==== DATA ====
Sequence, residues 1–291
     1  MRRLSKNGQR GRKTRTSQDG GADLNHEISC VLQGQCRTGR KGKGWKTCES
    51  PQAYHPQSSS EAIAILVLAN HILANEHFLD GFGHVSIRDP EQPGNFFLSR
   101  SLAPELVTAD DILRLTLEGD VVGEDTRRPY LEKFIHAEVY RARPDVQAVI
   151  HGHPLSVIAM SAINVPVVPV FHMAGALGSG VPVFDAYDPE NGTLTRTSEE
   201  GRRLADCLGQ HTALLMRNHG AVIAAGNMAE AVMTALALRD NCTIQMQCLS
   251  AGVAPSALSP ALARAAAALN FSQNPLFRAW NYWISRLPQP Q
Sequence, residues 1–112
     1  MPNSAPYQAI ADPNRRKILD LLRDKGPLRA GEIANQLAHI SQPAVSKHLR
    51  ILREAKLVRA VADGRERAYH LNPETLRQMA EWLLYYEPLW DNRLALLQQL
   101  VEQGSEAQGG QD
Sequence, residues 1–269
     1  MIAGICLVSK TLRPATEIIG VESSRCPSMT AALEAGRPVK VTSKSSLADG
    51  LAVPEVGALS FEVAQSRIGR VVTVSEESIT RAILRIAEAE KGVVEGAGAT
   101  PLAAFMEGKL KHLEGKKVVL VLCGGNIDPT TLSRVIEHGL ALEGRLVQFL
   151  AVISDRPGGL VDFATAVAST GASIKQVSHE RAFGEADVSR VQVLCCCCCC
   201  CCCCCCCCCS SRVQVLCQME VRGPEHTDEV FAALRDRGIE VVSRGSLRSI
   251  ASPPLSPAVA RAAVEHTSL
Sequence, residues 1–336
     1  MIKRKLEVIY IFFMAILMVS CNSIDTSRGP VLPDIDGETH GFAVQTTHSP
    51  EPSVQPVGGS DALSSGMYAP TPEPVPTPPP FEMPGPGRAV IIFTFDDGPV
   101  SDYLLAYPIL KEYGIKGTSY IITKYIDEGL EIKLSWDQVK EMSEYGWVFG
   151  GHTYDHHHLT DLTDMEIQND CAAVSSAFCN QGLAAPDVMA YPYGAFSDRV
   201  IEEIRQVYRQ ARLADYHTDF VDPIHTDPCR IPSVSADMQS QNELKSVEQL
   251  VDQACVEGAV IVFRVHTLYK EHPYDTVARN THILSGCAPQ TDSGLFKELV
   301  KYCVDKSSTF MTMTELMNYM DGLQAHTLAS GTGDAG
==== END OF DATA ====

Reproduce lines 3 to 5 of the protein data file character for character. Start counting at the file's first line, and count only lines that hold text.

    51  PQAYHPQSSS EAIAILVLAN HILANEHFLD GFGHVSIRDP EQPGNFFLSR
   101  SLAPELVTAD DILRLTLEGD VVGEDTRRPY LEKFIHAEVY RARPDVQAVI
   151  HGHPLSVIAM SAINVPVVPV FHMAGALGSG VPVFDAYDPE NGTLTRTSEE